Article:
The trouble was that, inside the pub, was the most beautiful barmaid who, as tends to be the case with barmaids, looked ever more beautiful as his shore leave drink with two Naval mates went on. Just as she and he were about to renew Scotlands Auld Alliance with France, her husband returned and, somewhat un-amused, produced a large and very dangerous looking gun.

    In the resulting fracas a shot was discharged in to the ceiling and, as the

    three sailors legged it down the street, a second round caught Chris in the rear. Patched up in casualty in Boulogne, he was transported across the Channel and eventually to Canterbury where the de-cision was made to leave the ironmon-gery where it was as removing it might permanently damage his leg muscles.

    His assailant was eventually appre-hended but, France being France, was merely admonished on the grounds that this had been a crime passionelle.

    Fortunately for the numerous vic-tims of weather, injury, accident and error whom he has plucked to safety as a long-serving winchman, the fact that his projectile infested bottom regularly sets off airport scanners never held up his progress towards the helicop-ter when the alarm was sounded and this life threatening injury did not stop his life-long career in the service of the distressed.

    All this and more in Winchman A Life on the Wire. Very good reading all the way through Jim A Johnston.

    Scaled down Mahler a big itTHE well attended concert given by the Inverness Mahler Players under their conductor and founder Tomas Leakey in Dornoch Cathedral recently was something of a tour de force.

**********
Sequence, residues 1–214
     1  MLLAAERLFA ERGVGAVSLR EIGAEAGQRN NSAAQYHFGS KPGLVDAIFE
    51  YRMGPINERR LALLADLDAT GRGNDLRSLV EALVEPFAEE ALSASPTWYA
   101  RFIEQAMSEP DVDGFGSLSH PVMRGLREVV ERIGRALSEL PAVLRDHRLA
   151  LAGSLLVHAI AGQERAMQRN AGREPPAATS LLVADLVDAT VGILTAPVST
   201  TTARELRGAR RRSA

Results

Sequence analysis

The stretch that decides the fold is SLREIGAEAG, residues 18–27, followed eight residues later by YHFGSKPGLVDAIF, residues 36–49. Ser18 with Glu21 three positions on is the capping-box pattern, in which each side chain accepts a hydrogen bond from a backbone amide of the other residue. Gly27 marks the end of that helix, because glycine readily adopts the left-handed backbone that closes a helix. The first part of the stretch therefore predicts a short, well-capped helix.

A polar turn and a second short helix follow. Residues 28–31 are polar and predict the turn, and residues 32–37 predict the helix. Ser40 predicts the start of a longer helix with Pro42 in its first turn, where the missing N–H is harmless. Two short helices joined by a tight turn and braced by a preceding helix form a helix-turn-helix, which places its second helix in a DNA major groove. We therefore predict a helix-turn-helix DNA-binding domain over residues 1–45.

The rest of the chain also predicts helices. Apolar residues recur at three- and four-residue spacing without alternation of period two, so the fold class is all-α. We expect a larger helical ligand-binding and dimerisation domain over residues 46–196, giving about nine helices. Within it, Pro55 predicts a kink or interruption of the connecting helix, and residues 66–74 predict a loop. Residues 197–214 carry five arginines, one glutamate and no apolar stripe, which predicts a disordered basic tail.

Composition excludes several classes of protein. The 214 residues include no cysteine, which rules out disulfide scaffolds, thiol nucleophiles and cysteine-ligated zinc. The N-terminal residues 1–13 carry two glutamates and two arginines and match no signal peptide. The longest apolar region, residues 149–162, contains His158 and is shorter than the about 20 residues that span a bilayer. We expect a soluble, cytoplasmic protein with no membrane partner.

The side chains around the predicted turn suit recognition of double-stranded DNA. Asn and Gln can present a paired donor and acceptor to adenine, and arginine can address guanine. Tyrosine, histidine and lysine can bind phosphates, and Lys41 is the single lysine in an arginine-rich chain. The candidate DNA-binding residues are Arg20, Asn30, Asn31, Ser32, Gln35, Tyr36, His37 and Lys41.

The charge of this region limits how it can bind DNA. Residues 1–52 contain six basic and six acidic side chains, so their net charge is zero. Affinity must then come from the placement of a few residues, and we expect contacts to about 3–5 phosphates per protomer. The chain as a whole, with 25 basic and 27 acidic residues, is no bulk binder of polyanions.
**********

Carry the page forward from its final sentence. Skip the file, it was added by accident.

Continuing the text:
The main work in the programme the Symphony No 4 by Mahler is certainly not on the scale of some of his other orchestral works, being scored for relatively smaller forces than most.

    It was nevertheless envisaged for an orchestra of something in the order of 70 to 80 players, yet here we had a group of 14 players plus a solo soprano performing a scaled-down version by German composer Klaus Simon, originally intended for a private performance.

    It is a tribute to the superb playing of the Highland based players and the excellent soprano soloist, Emily Mitchell, that the large

    orchestra sound was barely missed. The last movement with Ms Mitchells

    beautiful singing was particularly lovely and the smaller forces enhanced the simple, reflective side of Mahlers settings of a poem from Das Knaben Wunderhorn (The boys magic horn).

    Earlier in the programme the Inverness Mahler Players gave a first class performance of Czech composer, Bohuslav Martinus somewhat esoteric Nonet written during 1959, not long before his death, and went on to give a thoroughly convincing rendition of an arrangement of Debussys well known Prelude a lapres-midi dun faune with some exquisite flute playing from flautist Ruth Binks.

    Tomas Leakey is to be congratulated on putting together such an excellent ensemble and conducting such beautifully idiomatic performances Donald Goskirk.

    Movie magic set to thrill far north film fansSCREEN Machine will be bringing an exciting range of films when it visits B